I grew up under the paradigm of the United States as a giant mixing pot; a massive experiment to prove that people from different backgrounds can come together to build a prosperous, cohesive, and powerful society. We are all different, the lesson goes, but we are all Americans. The thing that binds us together is our love for our country. But what is a country if it is not our fellow countrymen themselves? And so what binds us together is love for each other. Compassion and empathy are the glue that puts our disparate pieces together. I am your country, and you are mine. We are all each other’s home.

We are not each other’s enemies. Our enemies are the things that drive wedges between us. Our enemies are fear, scapegoating, misunderstanding, silence, violence, and hate. My enemy is the conviction that a friend from high school who voted for Trump is a racist and sexist who wants to control women’s bodies. My enemy is the conviction that a woman protesting outside the White House is nothing but a vulgar, free-loading feminist promoting the in utero murder of babies.

My enemy is the pervasive distrust of Hispanics, Muslims, and people of color that is perpetuated by certain parts of the media. My enemy is the portrayal by other branches of media of all conservatives as uneducated, racist rednecks.

Our cultural shaming of religion and faith is my enemy. Religious dogma and extremism that promotes inequality, discrimination, and violence is my enemy. The anti-Trump fear-mongering that has taken over the internet is my enemy. The demand for blind loyalty to Trump that pushes back is also my enemy.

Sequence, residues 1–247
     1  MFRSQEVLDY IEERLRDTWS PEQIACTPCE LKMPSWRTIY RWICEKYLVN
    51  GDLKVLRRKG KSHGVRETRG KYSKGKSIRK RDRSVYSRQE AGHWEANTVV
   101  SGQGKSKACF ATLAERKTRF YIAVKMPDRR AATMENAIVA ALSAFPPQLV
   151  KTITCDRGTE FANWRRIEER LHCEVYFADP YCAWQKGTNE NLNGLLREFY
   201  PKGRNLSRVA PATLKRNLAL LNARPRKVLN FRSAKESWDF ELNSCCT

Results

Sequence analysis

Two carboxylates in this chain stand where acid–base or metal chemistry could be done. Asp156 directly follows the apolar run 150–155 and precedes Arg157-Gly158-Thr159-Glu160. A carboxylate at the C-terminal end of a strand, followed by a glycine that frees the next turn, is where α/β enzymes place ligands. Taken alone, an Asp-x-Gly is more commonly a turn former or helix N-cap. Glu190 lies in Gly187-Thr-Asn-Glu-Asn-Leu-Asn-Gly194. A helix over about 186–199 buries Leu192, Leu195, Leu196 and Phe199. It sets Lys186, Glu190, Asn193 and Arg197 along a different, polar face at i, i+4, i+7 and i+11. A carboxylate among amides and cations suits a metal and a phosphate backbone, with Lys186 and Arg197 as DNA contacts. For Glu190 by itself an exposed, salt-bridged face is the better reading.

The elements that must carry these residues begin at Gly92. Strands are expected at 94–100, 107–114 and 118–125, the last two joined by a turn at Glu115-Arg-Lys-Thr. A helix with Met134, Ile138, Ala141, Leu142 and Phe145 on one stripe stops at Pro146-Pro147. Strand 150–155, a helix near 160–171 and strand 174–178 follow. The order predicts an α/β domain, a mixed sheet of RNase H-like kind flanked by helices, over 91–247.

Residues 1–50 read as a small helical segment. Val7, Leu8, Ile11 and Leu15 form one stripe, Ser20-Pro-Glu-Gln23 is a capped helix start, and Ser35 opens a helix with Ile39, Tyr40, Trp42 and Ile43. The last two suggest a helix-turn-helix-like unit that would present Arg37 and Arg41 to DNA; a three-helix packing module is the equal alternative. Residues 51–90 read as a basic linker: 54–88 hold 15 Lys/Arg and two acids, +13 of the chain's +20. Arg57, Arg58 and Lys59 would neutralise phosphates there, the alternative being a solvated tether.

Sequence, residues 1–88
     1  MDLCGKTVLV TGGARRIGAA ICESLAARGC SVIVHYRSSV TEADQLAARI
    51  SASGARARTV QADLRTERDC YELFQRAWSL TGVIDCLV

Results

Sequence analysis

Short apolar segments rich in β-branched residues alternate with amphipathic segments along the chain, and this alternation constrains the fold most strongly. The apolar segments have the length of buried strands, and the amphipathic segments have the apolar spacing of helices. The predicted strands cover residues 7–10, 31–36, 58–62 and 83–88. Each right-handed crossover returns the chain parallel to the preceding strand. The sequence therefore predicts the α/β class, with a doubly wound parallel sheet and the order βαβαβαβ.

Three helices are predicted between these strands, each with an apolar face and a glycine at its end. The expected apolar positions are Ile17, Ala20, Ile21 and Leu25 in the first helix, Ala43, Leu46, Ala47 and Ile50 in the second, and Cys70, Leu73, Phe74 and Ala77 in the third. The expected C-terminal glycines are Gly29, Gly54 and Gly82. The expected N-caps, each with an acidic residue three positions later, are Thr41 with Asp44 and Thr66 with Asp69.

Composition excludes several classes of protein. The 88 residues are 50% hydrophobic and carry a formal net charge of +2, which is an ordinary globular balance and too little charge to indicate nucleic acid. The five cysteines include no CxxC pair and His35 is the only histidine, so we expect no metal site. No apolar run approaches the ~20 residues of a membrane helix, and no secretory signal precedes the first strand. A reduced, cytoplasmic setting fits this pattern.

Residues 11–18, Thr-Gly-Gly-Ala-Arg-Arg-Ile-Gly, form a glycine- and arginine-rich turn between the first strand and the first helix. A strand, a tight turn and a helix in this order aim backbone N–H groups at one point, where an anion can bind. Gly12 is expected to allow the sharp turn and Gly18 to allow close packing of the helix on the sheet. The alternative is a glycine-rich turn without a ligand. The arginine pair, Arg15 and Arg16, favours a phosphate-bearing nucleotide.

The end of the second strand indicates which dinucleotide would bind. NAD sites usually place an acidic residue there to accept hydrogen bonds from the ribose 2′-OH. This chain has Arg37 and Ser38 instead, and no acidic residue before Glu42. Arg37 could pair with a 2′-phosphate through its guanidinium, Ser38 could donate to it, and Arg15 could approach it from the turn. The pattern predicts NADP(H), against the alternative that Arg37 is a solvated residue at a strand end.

My enemy is the belief that all Trump supporters hate America. My enemy is the belief that all Clinton supporters hate America.

These things are our enemies because they pit me against you, each of us against friends, family, fellow Americans, and country. They turn our anger inward when instead we should be looking outward, together.

Fear is always the enemy. Hate is always the enemy. But we, no, we are not each other’s enemies. By tearing each other down we are doing the work of our common enemies who want to see the great American experiment fail. The question is, will we continue to take the bait?

None of this is to say that I won’t stand up for what I believe in. I will fight for the things I know to be just and right: the protection of human rights and freedoms, scientific integrity and dissemination of truth, and economic policies that enable all of us to thrive. I’m not proposing complacency or surrender. What I’m doing is adopting a new strategy in what is, what must be, a fight to save our country.

I don’t know if I can succeed. I don’t know that I won’t fall back into the easy habits of anger and despair and indignation. But I have to try. I have to look for our common ground, because I know that the only way we fail as a country is if we fail to come together. And I’m so damn tired of being angry all the time.

We’ve reached a stalemate — our weapons are pointed at each other’s chests — and if we’re going to survive then some of us have to start putting down our weapons and calling for a truce. This is me disarming. This is me at the mercy of my fellow Americans, asking if we can try something else.

One clap, two clap, three clap, forty?

By clapping more or less, you can signal to us which stories really stand out.